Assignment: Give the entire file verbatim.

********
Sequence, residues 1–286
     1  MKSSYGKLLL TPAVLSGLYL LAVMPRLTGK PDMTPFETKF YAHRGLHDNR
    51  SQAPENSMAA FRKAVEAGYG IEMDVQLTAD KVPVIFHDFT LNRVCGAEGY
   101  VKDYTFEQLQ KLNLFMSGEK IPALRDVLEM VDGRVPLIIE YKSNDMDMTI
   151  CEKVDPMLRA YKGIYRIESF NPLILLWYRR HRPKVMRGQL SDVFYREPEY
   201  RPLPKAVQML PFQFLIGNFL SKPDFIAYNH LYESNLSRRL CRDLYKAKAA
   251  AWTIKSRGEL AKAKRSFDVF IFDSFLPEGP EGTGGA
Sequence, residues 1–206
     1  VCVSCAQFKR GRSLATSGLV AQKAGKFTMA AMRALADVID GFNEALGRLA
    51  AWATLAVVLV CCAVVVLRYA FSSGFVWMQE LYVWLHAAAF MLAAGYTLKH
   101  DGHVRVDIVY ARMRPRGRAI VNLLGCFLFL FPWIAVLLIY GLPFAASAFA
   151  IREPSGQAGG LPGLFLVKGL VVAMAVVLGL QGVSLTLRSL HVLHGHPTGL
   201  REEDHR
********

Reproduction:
Sequence, residues 1–286
     1  MKSSYGKLLL TPAVLSGLYL LAVMPRLTGK PDMTPFETKF YAHRGLHDNR
    51  SQAPENSMAA FRKAVEAGYG IEMDVQLTAD KVPVIFHDFT LNRVCGAEGY
   101  VKDYTFEQLQ KLNLFMSGEK IPALRDVLEM VDGRVPLIIE YKSNDMDMTI
   151  CEKVDPMLRA YKGIYRIESF NPLILLWYRR HRPKVMRGQL SDVFYREPEY
   201  RPLPKAVQML PFQFLIGNFL SKPDFIAYNH LYESNLSRRL CRDLYKAKAA
   251  AWTIKSRGEL AKAKRSFDVF IFDSFLPEGP EGTGGA
Sequence, residues 1–206
     1  VCVSCAQFKR GRSLATSGLV AQKAGKFTMA AMRALADVID GFNEALGRLA
    51  AWATLAVVLV CCAVVVLRYA FSSGFVWMQE LYVWLHAAAF MLAAGYTLKH
   101  DGHVRVDIVY ARMRPRGRAI VNLLGCFLFL FPWIAVLLIY GLPFAASAFA
   151  IREPSGQAGG LPGLFLVKGL VVAMAVVLGL QGVSLTLRSL HVLHGHPTGL
   201  REEDHR